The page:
3. Track Your Behaviors. Keeping a journal of your actions and reactions is vital to changing self-destructive behavior. All you have to do is keep a log of any self-destructive behaviors you engage in, and create a short pro and con list for each. This will help you prioritize which behaviors to work on first, as well as uncover patterns of thinking that underlie your actions.
For instance, if you’re struggling with alcohol abuse, you’ll probably experience thoughts such as “One drink won’t hurt,” “I need/deserve this drink,” “What’s the worst that could happen?” or “No one has to find out.”
These thoughts are unhelpful, intrusive, and irrational, but they’re a natural reaction of a brain convinced that alcohol will solve its problems. Keeping track of these thoughts can give you a more tangible and objective perspective and stop you from engaging in the behavior.
4. Practice Mindfulness. Self-destructive behaviors, including alcohol or drug addiction, often arise from our inability to process what is happening to us at a given time. A person might feel fear about a meeting with their boss the next day and try to shut it off by drinking rather than giving the situation the time and consideration it needs to be resolved.
Seeking Help for Addiction and Self-Destructive Behavior
It is very common that those who show self-destructive behavior to actively sabotage their recovery. With self-destructive behavior, it is usually hard for the individual to allow any loved ones to help them seek treatment and remain sober. The person might also not see any point in seeking treatment, as their self-defeating thoughts might make them believe that it’s pointless or that they will fail.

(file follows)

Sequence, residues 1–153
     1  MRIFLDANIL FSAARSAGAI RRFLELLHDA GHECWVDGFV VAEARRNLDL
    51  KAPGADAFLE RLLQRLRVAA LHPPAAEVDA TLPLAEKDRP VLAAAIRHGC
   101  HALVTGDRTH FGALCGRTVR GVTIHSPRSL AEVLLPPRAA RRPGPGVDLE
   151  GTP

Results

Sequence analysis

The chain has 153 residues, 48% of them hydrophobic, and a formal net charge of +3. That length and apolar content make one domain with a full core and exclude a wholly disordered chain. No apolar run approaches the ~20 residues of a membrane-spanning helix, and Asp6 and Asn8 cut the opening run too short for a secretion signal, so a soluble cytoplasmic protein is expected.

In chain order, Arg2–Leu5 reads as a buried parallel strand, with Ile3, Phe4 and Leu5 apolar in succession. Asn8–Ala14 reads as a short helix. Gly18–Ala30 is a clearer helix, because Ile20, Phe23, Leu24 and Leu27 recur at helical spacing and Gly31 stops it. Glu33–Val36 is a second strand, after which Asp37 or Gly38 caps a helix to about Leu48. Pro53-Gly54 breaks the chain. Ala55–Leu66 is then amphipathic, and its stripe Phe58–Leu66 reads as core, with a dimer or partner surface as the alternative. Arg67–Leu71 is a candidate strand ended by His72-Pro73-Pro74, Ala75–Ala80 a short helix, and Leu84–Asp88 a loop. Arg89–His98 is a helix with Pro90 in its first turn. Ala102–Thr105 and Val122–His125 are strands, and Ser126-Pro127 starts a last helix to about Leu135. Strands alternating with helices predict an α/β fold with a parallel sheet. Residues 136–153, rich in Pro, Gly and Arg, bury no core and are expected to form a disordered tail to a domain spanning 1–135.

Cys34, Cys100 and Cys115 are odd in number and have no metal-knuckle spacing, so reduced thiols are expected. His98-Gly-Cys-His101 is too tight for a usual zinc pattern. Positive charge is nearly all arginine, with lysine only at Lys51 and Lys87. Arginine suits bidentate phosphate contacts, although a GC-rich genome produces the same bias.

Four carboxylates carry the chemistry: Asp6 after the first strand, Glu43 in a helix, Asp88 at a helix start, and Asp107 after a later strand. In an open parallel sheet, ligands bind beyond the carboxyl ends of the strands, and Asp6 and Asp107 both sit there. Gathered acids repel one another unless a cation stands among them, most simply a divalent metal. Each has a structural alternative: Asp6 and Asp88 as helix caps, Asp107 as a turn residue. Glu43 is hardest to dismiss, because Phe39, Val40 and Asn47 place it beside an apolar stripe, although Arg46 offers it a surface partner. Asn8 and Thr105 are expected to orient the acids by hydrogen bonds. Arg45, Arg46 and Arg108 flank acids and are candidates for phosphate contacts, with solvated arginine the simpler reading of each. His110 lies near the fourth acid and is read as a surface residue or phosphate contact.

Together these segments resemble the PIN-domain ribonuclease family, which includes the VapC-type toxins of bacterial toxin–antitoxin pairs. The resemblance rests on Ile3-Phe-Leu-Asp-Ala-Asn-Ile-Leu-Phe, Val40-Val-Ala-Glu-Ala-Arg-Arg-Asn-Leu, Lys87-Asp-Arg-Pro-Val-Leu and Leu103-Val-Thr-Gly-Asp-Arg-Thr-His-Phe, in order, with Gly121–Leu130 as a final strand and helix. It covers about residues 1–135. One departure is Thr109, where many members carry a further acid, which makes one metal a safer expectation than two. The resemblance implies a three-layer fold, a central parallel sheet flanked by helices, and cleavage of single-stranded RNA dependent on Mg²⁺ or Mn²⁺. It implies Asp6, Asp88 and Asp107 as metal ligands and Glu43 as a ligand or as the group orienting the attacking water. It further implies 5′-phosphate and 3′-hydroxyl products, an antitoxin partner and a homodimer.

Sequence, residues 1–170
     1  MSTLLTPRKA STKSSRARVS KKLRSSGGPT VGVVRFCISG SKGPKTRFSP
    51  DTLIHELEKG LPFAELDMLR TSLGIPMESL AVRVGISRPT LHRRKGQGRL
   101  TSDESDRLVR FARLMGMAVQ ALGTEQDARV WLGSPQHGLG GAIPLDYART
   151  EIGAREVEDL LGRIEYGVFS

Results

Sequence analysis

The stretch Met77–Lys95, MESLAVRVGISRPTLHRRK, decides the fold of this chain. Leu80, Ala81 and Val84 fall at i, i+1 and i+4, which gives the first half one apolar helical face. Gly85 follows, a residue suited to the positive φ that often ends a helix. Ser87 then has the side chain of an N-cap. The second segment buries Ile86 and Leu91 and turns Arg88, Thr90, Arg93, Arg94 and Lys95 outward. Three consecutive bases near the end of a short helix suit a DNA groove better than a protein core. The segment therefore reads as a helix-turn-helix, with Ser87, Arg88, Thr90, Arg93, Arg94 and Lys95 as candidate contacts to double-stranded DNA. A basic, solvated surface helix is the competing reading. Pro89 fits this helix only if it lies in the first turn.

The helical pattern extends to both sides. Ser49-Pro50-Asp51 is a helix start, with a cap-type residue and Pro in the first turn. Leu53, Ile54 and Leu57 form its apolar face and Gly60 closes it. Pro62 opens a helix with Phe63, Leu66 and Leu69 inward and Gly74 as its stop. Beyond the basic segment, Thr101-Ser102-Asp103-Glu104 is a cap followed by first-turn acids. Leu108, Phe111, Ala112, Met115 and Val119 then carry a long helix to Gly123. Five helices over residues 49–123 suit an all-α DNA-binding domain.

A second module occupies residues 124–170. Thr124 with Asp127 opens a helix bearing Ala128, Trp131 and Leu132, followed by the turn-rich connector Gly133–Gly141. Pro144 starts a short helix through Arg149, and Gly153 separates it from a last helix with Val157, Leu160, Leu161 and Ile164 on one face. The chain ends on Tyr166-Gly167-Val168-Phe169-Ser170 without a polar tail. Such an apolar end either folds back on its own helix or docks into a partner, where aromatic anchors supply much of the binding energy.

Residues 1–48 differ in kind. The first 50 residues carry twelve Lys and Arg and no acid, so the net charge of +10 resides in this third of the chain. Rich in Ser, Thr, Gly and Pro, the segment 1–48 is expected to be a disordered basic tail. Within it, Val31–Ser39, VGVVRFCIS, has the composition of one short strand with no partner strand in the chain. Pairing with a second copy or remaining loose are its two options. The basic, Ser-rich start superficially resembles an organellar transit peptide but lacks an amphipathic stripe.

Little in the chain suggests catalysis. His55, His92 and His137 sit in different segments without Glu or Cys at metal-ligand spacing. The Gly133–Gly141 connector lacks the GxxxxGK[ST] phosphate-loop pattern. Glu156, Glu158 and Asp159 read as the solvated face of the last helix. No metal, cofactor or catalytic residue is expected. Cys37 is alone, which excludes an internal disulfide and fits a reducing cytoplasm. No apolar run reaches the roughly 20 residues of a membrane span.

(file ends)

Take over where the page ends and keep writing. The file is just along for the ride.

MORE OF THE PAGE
It is also possible that the person might no longer care enough about their well-being with self-destructive behavior and will refuse and fight against receiving any treatment. They might be under the belief that they greatly enjoy the way their destructive behavior makes them feel and will consider it self-sacrifice if they keep it contained within their own life.
There are both emotional and physical components to addiction and self-destructive behaviors, and both components must be addressed in order to recover and regain a healthy balance in life. Medical detox, or removing harmful chemicals from the body, is often the first physical step toward recovery that may be managed in a medically supervised detox facility in order to help smooth the process and ensure safety. Only after the user is clearheaded and drug- or alcohol-free can someone begin to address the psychological roots of addiction.
Cognitive-behavioral therapy, or CBT, is often used for flushing out and discovering triggers that often lead to self-destructive behaviors and modifying negative behaviors, thoughts, and visions of oneself into more positive ones. Therapies can help identify problem behaviors, and trained professionals can work with clients to reinvent and reassess those behaviors into more positive ones. New life skills and coping tools are taught to reinforce healthy behaviors and improve self-esteem while reducing anxiety and stress.
Self-destructive treatment can be much more complex when combined with addiction. Many who suffer from both behaviors need advanced care that simultaneously tackles both issues. Dual diagnosis treatment grasps the various constraints that lead people to self-destructive, this will help them discover the problems and cope in a more way.
Now that we’ve answered the question “how to stop self destructive behavior” and learned about the risks that come along with it. It is important to reach out for professional help if you or a loved one are struggling with long-term self-destructive behavior and addiction. Contact one of our helpful treatment specialists today. We Level Up rehab center can provide information on dual diagnosis and detox programs that may fit your specific needs.